There's a story about a man who goes hunting and accidentally shoots his own thumb off. "Why''d you do that?," he's asked.
"Oh, I don't know, but it seemed like a good idea at the time."
Give him an extra day, however, and perhaps he'd do better at rationalizing what happened. If sufficiently averse to admitting the blunder, he might be able to fake out an explanation of why it not only seemed like, but actually was, a good idea, and not only at the time but even now.
Maybe: "I never liked that thumb. It always got dry in the winter and the skin would crack." Or, "I figured it was easier to do that than buy mittens."
I am reminded of this story by desperate, recently emerging efforts by supporters of the Senate Finance Committee chairman's mark to explain why it was actually the height of wisdom, rather than a blunder, to delay the low corporate rate for a year while expanding expensing immediately.
As I've explained in earlier posts, here and here, this combination of timing approaches strongly encourages taxpayers to make negative-value (on a pretax basis) investments, such as expensing $100 in 2018 when the rate is 35%, in order to earn $90 in 2019 when the tax rate is 20%, thereby converting a $10 pretax loss into a $7 after-tax gain.
But now the pushback has started. Given that they've already, with high publicity, included this blunder in the chairman's mark, and are still counting on tax savings from delaying the low rate by a year (even if over-estimated by the Joint Committee on Taxation, if it didn't think sufficiently about the revenue hole that I have been discussing), the new line that I gather someone has been trying out on reporters is that it was actually a brilliant plan to promote growth. Companies will invest more in 2018 because it pays off specially!
Let's explain a bit more straightforwardly the claim that they are trying to make here. It is effectively a call for one year of 175% expensing in 2018 - an approach under which each dollar spent triggers a $1.75 deduction - since that would yield the same after-tax economics, in my example, as if the tax rate were indeed 20% both years.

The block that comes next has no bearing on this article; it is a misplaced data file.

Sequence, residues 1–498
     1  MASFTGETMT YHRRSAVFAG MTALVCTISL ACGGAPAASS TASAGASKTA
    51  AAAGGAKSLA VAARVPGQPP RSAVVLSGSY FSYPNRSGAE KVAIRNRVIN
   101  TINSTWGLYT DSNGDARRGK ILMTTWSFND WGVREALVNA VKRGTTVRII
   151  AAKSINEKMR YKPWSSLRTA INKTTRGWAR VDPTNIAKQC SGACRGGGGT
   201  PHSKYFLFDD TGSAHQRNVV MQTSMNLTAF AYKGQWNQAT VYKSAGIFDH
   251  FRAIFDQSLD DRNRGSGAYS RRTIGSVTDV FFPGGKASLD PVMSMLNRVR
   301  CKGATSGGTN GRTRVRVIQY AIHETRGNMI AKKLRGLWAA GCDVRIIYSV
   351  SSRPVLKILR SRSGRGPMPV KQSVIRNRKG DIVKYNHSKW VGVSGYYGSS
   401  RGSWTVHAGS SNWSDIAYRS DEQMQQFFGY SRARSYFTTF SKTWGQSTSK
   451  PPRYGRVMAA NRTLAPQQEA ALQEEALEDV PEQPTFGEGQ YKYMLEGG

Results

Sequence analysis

Does anyone on the Senate Finance Committee, or among their supporters and apologists, wish to call for a year of 175% expensing? If so, I'd like to hear it.
Why wouldn't we want to have a year of 175% expensing? Well, for one thing, we're not currently in recession. For another, it encourages negative-value investments, including (as I've discussed in the prior posts) those that verge on being shams, featuring the use of circular cash flows (or transactions as close to that as the economic substance doctrine will permit).
But it's also true that what the Senate Finance Committee is actually proposing is less stimulative than that silly plan would be. After all, by postponing the 20% rate for a year, while they are encouraging 2018 investment outlays under the high rate, they are discouraging 2018 gain realizations - from consumer sales, for example. Postponing the rate cut incentivizes companies to postpone 2018 income into 2019, whenever and wherever they can. So what they are actually doing is significantly worse, from a stimulative standpoint, than offering a year of 175% expensing.
If you've made a mistake, as the Senate Finance Committee has, why not just admit it? Attempting silly rationalizations isn't likely to help.